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The food and produce of Pembrokeshire, Wales

Travelogue Entry
Tags: cuisine, food, haverfordwest, restaurants, st davids, Wales
City: Haverfordwest, United Kingdom
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Whether it’s the traditional dishes such as cawl or cockles and laverbread, Welsh food has stuck to its heritage and it’s never been so popular.

With some of the highest culinary accolades being won by chefs in Wales currently, Welsh cuisine is finally getting the recognition it deserves. With the likes of Stephen Terry, Bryn Williams, Hywel Jones and Aled Williams excelling in the Great British Menu over the years, representing Wales and achieving much praise for their use of the highest quality Welsh produce.

The diversity of the landscape in a relatively small area makes Wales very food friendly. Due to the location of Pembrokeshire, it too offers such a variety of produce. With farmland and miles of coastal water, meat and fish are both of such high quality. The highly revered and sought after “Sewin” or as many know it, sea trout can be found off the Pembrokeshire coast. Chefs and critics are going mad for this game fish at the moment beating Scottish salmon hands down. Luckily there are some fantastic restaurants in Haverfordwest and St Davids that pride themselves in cooking the very best produce this region offers. From the scallops to sewin, welsh lamb to beef.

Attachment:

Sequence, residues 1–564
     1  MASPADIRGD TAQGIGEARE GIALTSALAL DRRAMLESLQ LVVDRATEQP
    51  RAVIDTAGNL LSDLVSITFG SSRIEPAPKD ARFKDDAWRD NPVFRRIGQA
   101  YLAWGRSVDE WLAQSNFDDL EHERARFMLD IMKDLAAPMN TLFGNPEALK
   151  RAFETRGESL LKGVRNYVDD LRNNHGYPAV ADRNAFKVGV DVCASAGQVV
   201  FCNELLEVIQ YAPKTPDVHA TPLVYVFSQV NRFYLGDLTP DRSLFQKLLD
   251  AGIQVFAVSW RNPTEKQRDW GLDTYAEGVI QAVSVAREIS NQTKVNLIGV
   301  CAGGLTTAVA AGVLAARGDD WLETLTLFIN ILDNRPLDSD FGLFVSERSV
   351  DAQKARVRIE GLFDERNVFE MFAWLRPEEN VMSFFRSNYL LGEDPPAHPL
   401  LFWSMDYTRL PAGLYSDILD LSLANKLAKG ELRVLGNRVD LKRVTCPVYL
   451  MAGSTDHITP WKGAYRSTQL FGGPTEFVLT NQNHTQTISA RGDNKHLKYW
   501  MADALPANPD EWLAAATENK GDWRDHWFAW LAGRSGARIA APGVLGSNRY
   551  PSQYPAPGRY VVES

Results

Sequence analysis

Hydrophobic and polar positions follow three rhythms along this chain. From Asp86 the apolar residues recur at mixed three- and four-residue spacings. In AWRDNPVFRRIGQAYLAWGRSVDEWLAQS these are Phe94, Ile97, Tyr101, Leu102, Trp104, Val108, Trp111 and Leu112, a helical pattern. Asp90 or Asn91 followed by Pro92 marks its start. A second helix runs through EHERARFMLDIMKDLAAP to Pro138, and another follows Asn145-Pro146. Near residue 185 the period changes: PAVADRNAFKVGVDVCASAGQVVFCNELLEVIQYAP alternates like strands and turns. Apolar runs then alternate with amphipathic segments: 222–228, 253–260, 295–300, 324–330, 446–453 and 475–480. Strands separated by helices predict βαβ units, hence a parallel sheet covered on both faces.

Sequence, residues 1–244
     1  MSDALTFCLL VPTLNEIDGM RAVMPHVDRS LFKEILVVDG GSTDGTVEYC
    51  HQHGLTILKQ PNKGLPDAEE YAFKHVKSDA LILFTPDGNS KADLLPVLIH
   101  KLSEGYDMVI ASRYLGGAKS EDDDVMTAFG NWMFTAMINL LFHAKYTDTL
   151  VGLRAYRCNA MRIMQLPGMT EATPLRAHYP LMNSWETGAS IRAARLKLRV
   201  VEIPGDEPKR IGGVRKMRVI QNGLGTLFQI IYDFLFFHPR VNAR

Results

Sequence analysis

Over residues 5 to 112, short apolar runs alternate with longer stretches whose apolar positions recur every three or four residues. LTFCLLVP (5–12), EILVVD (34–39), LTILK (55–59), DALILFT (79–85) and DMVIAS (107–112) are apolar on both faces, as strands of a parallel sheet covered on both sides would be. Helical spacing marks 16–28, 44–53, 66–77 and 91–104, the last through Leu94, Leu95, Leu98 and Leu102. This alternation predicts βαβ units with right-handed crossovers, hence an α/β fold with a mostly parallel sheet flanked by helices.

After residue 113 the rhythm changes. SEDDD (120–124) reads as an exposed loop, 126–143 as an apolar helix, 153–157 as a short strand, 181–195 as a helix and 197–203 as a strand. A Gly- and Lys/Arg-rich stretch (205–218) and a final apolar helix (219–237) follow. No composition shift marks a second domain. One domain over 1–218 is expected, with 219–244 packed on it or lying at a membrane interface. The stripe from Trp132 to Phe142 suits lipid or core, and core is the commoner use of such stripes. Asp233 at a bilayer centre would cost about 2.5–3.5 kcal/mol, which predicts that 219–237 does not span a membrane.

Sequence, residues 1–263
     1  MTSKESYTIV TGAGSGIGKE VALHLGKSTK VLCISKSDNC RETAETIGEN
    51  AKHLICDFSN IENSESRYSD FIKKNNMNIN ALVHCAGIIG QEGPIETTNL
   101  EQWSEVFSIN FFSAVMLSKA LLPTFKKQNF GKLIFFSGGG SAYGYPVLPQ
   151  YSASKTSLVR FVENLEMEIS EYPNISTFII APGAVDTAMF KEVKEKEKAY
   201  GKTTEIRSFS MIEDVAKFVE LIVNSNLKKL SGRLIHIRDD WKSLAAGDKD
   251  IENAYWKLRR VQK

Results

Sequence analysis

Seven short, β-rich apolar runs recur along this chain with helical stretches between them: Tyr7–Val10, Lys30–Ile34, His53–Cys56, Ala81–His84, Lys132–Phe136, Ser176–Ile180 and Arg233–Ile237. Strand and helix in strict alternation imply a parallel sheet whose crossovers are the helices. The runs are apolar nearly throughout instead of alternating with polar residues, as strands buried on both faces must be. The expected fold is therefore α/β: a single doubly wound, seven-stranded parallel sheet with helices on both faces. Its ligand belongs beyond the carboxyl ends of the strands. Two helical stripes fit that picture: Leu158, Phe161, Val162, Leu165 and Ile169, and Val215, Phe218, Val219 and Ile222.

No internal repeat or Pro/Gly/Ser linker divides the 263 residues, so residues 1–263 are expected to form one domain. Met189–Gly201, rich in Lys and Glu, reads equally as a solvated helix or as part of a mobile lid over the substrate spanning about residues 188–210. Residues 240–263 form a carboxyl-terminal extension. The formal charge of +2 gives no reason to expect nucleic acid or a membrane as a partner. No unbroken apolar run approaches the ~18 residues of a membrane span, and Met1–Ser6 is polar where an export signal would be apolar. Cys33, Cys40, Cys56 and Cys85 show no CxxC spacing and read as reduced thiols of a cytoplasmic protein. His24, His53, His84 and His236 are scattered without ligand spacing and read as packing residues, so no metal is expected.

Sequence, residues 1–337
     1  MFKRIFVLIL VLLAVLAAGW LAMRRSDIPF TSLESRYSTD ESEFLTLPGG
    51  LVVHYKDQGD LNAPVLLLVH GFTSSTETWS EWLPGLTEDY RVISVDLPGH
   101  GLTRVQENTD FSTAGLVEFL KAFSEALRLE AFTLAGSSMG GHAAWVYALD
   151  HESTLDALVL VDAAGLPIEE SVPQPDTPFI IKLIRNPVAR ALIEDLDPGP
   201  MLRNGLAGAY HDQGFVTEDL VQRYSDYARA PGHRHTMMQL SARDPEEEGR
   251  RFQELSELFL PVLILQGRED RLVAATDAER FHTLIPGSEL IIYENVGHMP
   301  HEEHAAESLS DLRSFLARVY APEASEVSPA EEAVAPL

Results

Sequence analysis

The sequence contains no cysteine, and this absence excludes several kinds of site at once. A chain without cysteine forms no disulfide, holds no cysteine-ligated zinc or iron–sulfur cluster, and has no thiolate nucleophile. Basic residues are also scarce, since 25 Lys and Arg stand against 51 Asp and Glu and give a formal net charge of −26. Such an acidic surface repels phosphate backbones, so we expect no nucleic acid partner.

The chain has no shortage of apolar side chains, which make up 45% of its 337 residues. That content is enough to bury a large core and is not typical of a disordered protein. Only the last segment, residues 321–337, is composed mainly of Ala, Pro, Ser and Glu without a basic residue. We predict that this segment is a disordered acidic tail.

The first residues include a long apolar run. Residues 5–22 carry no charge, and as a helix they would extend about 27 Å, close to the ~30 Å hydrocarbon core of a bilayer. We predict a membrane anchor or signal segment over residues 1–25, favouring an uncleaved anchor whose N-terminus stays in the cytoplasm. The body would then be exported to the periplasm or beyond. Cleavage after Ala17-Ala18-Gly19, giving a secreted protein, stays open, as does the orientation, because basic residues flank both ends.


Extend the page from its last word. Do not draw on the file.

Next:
And because of that so fertile landscape, it’s not hard to realise the most famous of Welsh produce is its meat, most notably and famously, lamb. The vast coastal areas give Welsh lamb a distinct taste from the salt marshes on coastal farms and the lush meadows inland.

Pembrokeshire is so proud of its produce that a Pembrokeshire Produce Mark has been set up. The Produce Mark allows shoppers to instantly see if the product has been made, grown or reared in Pembrokeshire. It also applies to hospitality establishment showing any of the produce used on menu that comes from Pembrokeshire.

Let’s not forget cheese. Welsh cheese can rival any French offering. As with Welsh meat, the quality of Welsh cheese is largely due to the landscape and farming practices. From Caerphilly to the wide variety of mature cheddars, Teifi to Llanboidy and Llangloffan cheese, the heritage of Welsh cheese production dates back hundreds of years. And what could be a better accompaniment than leeks with cheese. Chefs in Wales know exactly how to show off Welsh produce through classic combinations. With restaurants Haverfordwest and St Davids offering a great choice of all these fantastic foodie delights.